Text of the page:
The use of tools has become a benchmark for cognitive sophistication. Originally regarded as a defining feature of our species, tool-use behaviours have subsequently been revealed in other primates and a growing spectrum of mammals and birds…Among invertebrates, however, the acquisition of items that are deployed later has not previously been reported. We repeatedly observed soft-sediment dwelling octopuses carrying around coconut shell halves, assembling them as a shelter only when needed. Whilst being carried, the shells offer no protection and place a requirement on the carrier to use a novel and cumbersome form of locomotion — ‘stilt-walking’.

No surprise that when we are looking to a violation of an old “human exceptional” character (though tool-use seems to have been violated a fair amount now by any interpretation) that the cephalopod would step up to the plate. I’ve heard of weird behavior by octopuses in laboratories which begs to be anthropomorphized, but no one denies that this is one taxa which has some brains. Who says you need a notochord to be a “higher animal”? Anyone who’s read a fair amount of science fiction also is aware that cephalopods are one of the more exotic, but still frequent, candidate earth lineages which might potentially rise to sapience. Fore all the aquatic species who have the glimmer of intelligence cybernetics might offer up some potential avenues of freedom and leveling the playing field with the terrestrials.
Citation: Defensive tool use in a coconut-carrying octopus, Finn, Julian K.; Tregenza, Tom; Norman, Mark D. doi:10.1016/j.cub.2009.10.052 (volume 19 issue 23 pp.R1069 – R1070)


SAD in Google Trends

By Razib Khan | December 13, 2009 11:27 pm

I was looking for the term “Depression,” in the economic sense. But look at the clear seasonal trend in search for the term:



By Razib Khan | December 11, 2009 2:38 am

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Who believes in the evil eye?

By Razib Khan | December 10, 2009 3:59 pm

A friend pointed me to a new Pew survey, Many Americans Not Dogmatic About Religion. It shows the general finding that though Americans are a religious people, they’re moderately ecumenical in their practices and beliefs. I was concerned in particular though with the resurgence of supernatural beliefs with the decline of institutional religious orthodoxy.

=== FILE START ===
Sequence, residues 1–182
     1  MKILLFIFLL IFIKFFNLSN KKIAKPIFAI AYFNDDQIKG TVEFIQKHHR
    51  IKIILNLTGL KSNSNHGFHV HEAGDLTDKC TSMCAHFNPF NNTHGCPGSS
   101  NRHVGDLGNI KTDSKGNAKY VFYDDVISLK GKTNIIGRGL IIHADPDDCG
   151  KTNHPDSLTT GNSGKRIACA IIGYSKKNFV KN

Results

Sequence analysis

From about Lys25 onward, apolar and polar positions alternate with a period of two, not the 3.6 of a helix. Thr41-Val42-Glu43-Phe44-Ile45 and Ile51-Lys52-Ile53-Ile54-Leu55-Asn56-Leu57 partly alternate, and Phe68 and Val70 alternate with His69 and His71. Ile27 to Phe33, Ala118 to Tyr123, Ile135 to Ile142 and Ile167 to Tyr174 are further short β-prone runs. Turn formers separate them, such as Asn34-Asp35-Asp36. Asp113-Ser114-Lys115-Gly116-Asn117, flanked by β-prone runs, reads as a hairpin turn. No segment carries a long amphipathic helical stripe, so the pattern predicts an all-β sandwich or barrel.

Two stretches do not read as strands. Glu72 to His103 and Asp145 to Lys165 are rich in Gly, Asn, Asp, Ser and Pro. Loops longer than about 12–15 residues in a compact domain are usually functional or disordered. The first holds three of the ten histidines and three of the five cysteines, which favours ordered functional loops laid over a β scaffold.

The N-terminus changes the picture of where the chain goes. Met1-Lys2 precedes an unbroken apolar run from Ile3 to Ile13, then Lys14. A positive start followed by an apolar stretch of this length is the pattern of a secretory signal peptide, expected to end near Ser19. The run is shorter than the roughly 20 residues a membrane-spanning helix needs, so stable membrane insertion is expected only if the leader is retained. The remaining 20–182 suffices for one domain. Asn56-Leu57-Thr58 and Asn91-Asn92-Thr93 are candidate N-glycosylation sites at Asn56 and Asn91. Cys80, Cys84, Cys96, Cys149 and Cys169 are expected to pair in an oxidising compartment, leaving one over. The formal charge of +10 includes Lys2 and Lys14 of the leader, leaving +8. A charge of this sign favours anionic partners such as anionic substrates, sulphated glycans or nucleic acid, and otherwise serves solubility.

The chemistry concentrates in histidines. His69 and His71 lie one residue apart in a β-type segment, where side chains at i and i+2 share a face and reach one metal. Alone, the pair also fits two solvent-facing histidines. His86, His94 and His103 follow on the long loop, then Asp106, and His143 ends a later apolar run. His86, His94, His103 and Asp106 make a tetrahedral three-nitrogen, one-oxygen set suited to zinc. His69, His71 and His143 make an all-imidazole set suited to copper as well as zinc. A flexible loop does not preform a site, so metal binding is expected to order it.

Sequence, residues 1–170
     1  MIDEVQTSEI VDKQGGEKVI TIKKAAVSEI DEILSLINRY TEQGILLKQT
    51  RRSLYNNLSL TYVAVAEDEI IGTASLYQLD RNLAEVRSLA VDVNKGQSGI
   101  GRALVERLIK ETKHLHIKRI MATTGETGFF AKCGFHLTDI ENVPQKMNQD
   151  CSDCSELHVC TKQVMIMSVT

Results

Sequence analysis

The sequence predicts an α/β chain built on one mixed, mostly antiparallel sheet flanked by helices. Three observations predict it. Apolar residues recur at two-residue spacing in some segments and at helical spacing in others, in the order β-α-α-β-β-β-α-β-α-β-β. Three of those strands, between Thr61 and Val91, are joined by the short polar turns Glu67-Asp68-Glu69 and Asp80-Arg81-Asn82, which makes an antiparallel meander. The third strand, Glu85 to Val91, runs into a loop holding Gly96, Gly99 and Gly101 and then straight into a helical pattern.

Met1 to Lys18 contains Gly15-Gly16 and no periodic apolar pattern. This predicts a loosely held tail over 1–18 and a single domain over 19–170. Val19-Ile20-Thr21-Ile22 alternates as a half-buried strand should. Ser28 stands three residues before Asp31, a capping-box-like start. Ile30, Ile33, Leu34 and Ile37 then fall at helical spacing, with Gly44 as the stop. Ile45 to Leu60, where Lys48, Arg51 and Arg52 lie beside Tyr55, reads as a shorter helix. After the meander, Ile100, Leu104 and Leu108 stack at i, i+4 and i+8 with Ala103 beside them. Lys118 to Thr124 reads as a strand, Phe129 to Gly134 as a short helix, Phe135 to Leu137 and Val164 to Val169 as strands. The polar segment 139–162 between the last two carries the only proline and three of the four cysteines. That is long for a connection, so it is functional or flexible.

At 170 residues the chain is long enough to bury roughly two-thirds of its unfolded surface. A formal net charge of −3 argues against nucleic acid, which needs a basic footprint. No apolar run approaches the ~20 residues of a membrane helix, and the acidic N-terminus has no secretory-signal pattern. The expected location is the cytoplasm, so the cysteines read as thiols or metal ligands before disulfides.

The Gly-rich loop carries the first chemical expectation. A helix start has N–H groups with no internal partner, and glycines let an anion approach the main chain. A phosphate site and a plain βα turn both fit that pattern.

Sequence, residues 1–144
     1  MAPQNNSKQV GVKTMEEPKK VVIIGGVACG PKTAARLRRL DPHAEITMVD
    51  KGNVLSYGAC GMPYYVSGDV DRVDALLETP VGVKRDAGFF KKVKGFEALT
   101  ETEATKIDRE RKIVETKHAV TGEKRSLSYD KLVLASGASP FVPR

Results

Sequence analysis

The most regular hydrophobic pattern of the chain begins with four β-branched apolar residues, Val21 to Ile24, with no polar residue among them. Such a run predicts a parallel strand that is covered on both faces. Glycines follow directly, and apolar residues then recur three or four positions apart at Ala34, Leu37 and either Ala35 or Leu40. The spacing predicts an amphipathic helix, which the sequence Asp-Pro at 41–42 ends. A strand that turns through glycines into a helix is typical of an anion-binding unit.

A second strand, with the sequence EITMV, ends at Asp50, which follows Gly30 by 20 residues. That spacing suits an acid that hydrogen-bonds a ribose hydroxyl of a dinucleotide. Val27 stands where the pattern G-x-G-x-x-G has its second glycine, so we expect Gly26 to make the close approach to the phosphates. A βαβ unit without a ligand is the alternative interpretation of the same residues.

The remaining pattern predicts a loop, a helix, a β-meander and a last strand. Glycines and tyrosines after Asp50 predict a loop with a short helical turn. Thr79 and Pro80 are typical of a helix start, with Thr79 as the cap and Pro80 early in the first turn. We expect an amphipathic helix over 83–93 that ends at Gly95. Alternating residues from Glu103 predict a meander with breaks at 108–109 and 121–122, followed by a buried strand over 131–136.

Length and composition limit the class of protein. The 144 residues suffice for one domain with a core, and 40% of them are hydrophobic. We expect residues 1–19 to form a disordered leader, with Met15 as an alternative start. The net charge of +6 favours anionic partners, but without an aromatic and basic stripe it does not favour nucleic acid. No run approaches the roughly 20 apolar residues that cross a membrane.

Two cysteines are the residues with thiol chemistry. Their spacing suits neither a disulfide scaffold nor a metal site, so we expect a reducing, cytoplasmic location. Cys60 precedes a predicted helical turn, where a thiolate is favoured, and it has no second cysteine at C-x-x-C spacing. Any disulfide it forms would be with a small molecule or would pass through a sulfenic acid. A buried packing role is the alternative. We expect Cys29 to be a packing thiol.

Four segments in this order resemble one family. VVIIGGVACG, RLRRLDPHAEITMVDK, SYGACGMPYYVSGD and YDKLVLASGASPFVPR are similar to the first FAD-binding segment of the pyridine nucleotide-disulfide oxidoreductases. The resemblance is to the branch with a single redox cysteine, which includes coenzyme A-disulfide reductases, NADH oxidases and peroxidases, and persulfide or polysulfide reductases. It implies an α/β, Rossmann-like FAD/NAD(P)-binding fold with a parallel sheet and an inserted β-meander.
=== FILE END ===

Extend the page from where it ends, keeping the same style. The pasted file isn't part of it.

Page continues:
The back story to this is that many psychologists posit that humans have an innate predisposition toward supernatural beliefs because of the cognitive biases we’re hardwired with. For example, it isn’t a coincidence that almost all human societies seem to have the idea of what we would term ghosts, or that systematic astrology arose independent several times. Naive intuitions about mind-body duality or inferences one might make from the repetitive action of the stars against the cosmos are evoked by our common hardwire.
Organized “higher religion” changed this somewhat, channeling and leveraging some intuitions (the afterlife, gods, etc.), but marginalizing others (ghosts, demigods, etc.). In particular, there has always been a tension between the relatively narrow set of beliefs acceptable to religious professionals and the elites, and the more general and diverse array of superstitions in circulation among the populace. Religious “reform” movements often aim at extirpating folk religion whose general outlines seem culturally universal; e.g., relics, veneration of local saints and demigods, and traditional fertility festivals. This was evident in both the Protestant and Catholic Reformation, and also among Muslim and Hindu fundamentalists, who attempt to strip out what they perceive to be exogenous accretions to the “true religion.”
With the decline in institutional religion in the West one would predict folk beliefs to reemerge, as the control of mass belief by the elites is no longer enforced by the state or higher institutions. The Pew survey seem to point a bit to this, there is a general trade-off in religious orthodoxy and attendance and belief in supernatural concepts which are outside the purview of Western Christianity. Below the fold I’ve shown the pairwise absolute and relative differences between categories in terms of their acceptance of various non-orthodox supernatural concepts.